WATERVILLE — The closure of Highway 2 on Feb. 2 through Pine Canyon has added more than four hours to what is usually a 30-minute round-trip bus ride to get Waterville School District students in Orondo to and from school.
The bus now needs to drive over Badger Mountain Pass to East Wenatchee and up to Orondo to pick up students and then reverse course to drop them off at school, said Superintendent Tabatha Mires. In addition, it is lengthening the time it takes school staff living in Orondo, Chelan or Wenatchee to get to and from work.
“Drifting (snow) on Badger Mountain is a big concern for us, because if that route drifts, we will not be able to get back into school and do in-person learning,” Mires said.
Orondo has its own school district that serves students through middle school, with older students attending high school at Waterville, Eastmont or Chelan.
Students taking the long bus ride to school in Waterville have been handling the situation quite well, but it is a challenge, Mires said. In particular, students who are participating in sports are being impacted, as they’ve been going to Mansfield to practice since Waterville’s sport fields are covered in snow. Those students are now driving from Orondo to Waterville, to Mansfield and then back to Orondo in one day.
“In addition, we have a bus driver — think of the increase in her time from that 30-minute-at-most commute up and down (the hill), and now she’s doing two-and-a-half hours each way,” Mires said.
It’s a situation the school district may have to make work for a while longer. The Washington State Department of Transportation’s (WSDOT) contractor can’t look at the rock slide and do an analysis on the hill side, because of all the snow, said agency spokesperson Lauren Loebsack.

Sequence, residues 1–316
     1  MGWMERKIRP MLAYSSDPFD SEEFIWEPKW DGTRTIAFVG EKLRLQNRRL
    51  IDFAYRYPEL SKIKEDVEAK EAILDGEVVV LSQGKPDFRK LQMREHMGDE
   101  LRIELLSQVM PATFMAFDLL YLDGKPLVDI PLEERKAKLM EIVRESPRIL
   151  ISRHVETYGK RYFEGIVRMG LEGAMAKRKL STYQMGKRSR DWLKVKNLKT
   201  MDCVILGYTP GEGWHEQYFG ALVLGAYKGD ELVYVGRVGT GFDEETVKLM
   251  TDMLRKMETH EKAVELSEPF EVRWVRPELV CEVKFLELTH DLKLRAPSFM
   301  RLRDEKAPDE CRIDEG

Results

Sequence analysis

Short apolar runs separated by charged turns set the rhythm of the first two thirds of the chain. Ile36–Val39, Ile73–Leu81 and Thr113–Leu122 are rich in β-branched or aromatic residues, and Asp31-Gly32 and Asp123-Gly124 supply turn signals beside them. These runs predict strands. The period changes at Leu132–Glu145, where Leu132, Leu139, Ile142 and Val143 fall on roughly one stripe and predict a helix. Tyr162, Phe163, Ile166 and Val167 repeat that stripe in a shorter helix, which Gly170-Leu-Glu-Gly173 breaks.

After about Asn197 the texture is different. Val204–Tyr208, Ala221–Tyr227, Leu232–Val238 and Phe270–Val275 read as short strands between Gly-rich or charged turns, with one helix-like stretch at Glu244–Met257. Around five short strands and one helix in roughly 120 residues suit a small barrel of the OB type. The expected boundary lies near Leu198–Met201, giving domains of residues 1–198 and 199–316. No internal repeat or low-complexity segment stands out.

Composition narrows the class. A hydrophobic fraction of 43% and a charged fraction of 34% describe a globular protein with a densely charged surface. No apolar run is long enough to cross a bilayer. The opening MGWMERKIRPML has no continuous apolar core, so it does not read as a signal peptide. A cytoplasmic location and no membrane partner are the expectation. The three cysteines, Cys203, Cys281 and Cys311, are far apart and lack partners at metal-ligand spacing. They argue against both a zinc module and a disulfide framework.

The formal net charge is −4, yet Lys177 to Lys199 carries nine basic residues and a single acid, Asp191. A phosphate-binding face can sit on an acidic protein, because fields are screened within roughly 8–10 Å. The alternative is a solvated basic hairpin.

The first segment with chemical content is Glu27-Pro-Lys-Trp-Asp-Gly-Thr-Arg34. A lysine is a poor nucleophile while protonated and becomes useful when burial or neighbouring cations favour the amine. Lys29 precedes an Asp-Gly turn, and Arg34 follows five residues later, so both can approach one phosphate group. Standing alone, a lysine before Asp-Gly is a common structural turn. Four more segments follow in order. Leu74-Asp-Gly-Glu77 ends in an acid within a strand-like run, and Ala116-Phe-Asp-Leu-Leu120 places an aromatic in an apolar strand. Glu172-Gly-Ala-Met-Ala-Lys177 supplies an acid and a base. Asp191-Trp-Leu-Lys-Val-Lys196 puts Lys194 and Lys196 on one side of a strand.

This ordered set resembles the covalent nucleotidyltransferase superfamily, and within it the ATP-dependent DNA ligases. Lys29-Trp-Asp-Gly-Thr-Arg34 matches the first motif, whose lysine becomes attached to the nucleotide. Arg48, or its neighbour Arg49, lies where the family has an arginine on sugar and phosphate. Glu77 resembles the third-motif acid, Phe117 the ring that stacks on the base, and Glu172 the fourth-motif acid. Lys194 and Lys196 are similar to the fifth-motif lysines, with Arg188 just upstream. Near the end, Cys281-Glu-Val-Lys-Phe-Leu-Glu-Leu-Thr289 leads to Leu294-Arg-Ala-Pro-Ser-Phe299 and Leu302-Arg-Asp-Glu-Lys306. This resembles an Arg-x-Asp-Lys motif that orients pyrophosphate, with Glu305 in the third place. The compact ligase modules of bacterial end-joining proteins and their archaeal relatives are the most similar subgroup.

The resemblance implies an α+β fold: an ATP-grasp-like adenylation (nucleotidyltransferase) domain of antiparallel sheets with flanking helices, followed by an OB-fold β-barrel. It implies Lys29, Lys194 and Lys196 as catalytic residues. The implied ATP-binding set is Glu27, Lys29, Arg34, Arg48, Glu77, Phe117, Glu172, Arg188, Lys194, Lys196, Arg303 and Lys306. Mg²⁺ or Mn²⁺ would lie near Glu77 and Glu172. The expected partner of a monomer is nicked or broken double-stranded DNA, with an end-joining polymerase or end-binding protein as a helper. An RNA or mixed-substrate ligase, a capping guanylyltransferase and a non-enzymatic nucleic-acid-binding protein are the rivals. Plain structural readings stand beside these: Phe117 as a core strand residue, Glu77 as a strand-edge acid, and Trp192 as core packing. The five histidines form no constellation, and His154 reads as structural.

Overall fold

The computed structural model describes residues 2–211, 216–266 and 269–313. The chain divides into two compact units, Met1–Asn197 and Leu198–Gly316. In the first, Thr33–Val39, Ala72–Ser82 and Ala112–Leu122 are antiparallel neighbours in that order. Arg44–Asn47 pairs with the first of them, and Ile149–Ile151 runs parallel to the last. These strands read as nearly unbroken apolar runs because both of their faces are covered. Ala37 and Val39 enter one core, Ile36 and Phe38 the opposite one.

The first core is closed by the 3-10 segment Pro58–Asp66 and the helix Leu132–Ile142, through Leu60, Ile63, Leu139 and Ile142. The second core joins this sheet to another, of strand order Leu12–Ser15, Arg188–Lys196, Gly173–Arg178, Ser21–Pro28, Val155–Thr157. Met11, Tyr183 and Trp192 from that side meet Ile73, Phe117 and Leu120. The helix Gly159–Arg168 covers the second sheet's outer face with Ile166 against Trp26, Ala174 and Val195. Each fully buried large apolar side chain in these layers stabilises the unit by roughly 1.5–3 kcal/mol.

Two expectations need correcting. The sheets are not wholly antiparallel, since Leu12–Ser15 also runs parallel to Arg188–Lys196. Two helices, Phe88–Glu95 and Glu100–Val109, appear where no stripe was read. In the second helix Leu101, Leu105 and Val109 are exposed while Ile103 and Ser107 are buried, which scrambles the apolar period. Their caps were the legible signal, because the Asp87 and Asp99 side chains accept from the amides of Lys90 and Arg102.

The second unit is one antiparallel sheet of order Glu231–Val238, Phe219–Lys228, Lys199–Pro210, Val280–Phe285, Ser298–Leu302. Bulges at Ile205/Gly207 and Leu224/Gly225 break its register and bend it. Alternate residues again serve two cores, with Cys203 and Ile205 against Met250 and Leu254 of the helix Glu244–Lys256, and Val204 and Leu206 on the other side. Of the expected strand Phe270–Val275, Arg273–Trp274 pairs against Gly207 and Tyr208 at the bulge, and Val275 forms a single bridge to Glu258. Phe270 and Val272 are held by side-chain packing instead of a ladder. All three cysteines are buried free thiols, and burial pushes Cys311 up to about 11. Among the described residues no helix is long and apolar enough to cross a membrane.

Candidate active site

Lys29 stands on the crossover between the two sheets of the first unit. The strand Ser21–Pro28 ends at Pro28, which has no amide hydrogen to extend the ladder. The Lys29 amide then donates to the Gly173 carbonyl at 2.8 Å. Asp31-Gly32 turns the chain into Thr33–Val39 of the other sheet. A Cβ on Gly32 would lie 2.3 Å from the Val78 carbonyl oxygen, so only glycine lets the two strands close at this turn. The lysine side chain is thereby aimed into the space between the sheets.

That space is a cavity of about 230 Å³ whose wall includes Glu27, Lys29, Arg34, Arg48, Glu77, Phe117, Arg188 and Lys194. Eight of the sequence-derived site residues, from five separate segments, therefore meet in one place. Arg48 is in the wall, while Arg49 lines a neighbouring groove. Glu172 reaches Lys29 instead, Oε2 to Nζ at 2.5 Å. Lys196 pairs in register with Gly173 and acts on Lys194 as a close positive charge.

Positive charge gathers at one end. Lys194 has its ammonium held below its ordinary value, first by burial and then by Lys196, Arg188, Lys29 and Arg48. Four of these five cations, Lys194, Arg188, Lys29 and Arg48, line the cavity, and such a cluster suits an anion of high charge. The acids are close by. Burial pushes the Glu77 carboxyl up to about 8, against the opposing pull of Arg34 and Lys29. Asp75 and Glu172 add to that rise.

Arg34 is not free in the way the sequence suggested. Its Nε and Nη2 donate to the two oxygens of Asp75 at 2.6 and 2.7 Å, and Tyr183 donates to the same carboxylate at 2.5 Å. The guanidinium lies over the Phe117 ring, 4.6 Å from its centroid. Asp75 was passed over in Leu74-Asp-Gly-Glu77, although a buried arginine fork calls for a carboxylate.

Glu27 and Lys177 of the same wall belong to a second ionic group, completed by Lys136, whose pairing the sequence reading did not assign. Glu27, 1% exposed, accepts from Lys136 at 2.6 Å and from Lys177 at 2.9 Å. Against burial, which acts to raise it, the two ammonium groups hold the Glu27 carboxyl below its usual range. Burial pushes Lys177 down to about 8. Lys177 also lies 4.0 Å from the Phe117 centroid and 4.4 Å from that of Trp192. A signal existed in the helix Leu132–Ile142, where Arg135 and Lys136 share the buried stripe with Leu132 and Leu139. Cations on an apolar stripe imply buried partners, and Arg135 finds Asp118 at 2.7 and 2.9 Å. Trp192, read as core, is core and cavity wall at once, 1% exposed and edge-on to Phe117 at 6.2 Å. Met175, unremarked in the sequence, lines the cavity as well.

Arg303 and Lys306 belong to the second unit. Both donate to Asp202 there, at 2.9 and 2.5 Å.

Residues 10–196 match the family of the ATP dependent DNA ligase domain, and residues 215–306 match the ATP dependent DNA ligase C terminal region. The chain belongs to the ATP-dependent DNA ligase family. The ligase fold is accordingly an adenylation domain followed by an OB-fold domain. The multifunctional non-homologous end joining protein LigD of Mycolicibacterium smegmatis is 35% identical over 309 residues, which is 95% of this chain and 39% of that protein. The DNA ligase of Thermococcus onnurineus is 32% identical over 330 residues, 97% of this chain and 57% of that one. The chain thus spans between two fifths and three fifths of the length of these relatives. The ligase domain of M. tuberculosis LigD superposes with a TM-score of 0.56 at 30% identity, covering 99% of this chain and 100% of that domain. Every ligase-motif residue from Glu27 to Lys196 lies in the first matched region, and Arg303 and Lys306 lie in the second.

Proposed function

The weather forecast leads WSDOT employees to believe they can do an analysis on Feb. 22, Loebsack said. It will then take about a month to do the work, so the highway should be back open around March 25.
The snow has also been impacting travel over Badger Mountain, especially since it is several hundred feet higher than Pine Canyon. Badger Mountain Road usually gets more ice and snow in the winter, which is problematic as the amount of traffic on it has almost doubled, from about 800 trips a day to around 1,500, said Aaron Simmons, Douglas County engineer.
“We’ve got guys out there working full time on keeping that road open and clear,” he said.
The Douglas County crew usually plows from about 6 a.m. to 2:30 p.m., but they have been adding shifts at 4 p.m. and 10 p.m. to keep the road clear, he said.
The county crew has accumulated about 300 hours of overtime so far this winter, he said. He isn’t sure what that means for the transportation budget, but it’s been a fairly light snow year so far besides this past weekend.
“Public is paramount and we will do what we need to do, to make sure our road systems are as good as they can be given the constraints that we’re always working under,” Simmons said.
The school district is considering Browns Canyon Road as a future alternative, but the road is unpaved right now, Mires said. In the spring, when the ground hardens, the bus might be able to use it.
It is many years off before Douglas County even considers improving that road as a permanent alternative, Simmons said.
“That’s an expensive one,” Simmons said. “Reconstruction of that roadway would be a really big endeavor. It would take a lot of funds to make that work.”
Douglas County is in the process of tightening its belt right now and upgrading Browns Canyon Road isn’t one of its top priorities, he said. It definitely won’t happen in the next six years.
Waterville residents as a whole aren’t greatly impacted by the Pine Canyon closure, Waterville Mayor Jill Thompson said. They are used to taking the Badger Mountain Road to get to the Wenatchee Valley.
“Here in Waterville, we’re used to driving,” Thompson said. “You’ve got to drive to get anywhere — over the mountain, down Pine Canyon, it doesn’t matter. We’re just used to it.”